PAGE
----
uploads///Portfolio Break down of the AMCPX

November Rundown of the American Funds AMCAP Fund Class A


Nov. 20 2015, Published 1:24 p.m. ET

The American Funds AMCAP Fund Class A

The American Funds AMCAP Fund Class A (AMCPX) invests primarily in “US companies of any size with solid long-term growth records and the potential for good future growth.” Fund managers retain the flexibility of investing in companies based outside the US, but they’ll do it to a restricted degree only.

Multiple fund managers are involved in investment decisions by the investment adviser to the fund. The way it works is that the overall portfolio is divided into distinct segments which are managed by individual managers. Managers employ fundamental analysis, which includes meeting with company executives and employees, suppliers, customers, and competitors, to arrive at suitable securities for the portfolio.

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The fund’s assets were invested across 252 holdings (stocks, bonds, and cash) as of September 2015 (the latest available), and it was managing assets worth $47.38 billion as of the end of October. Its September portfolio holdings included Amgen (AMGN), Precision Castparts Corporation (PCP), Class A shares of Accenture (ACN), BioMarin Pharmaceutical (BMRN), and Stryker Corporation (SYK), comprising a combined 9.4% of the fund’s portfolio.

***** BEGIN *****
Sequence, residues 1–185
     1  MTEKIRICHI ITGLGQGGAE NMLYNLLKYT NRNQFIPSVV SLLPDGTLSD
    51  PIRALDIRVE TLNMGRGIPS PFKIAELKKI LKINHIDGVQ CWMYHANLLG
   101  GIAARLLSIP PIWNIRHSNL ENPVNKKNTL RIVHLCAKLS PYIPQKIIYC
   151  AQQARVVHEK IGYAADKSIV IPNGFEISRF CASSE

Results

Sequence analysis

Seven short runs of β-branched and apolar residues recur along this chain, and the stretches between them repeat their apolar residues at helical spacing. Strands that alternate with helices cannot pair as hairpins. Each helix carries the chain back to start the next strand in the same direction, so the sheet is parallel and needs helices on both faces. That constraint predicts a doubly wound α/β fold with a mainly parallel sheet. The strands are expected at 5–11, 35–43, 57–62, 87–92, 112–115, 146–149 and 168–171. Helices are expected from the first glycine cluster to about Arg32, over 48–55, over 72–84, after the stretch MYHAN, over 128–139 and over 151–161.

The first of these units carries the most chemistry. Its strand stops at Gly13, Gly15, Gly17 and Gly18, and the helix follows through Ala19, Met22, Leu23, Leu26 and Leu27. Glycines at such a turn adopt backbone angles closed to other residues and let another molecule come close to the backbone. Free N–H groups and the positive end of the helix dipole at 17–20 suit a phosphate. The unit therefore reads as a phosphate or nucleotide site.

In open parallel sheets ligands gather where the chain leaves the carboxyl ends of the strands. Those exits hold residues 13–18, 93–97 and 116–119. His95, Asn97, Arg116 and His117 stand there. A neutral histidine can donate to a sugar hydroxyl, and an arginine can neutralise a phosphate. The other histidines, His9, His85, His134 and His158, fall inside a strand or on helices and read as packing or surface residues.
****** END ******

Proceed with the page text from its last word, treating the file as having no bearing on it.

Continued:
Historical portfolios

For this analysis, we will be considering the fund’s holdings as of September 2015, as that is the latest available sectoral breakdown with us. The fund’s holdings after September reflect valuation-driven changes to the portfolio, not the actual holding. Do keep in mind that the fund discloses portfolio holdings once per quarter.

Looking at the portfolios of the fund from a year ago until October 2015, financials have created more space of themselves, both in terms of the number of stocks held as well as the portfolio weight. Industrials, materials, and telecom services also saw increased exposure over the past year. On the other hand, the fund has sold off a lot of its bond holdings, and the exposure to healthcare and utilities stands reduced.

Intra-year, the fund aggressively bet on the consumer discretionary sector. Its exposure had risen from ~11% in October 2014 to 26.2% in May 2015. However, it sold off subsequently, and the fund’s exposure to this sector stood at 11.7% in October 2015. Fund managers have continued to hold on to their picks from the energy sector over the past year except for a few stock-level changes.

But how has the fund’s composition impacted its performance for the one-year period ending in October, and what can this be attributed to? Continue to the next part of this series to find out.


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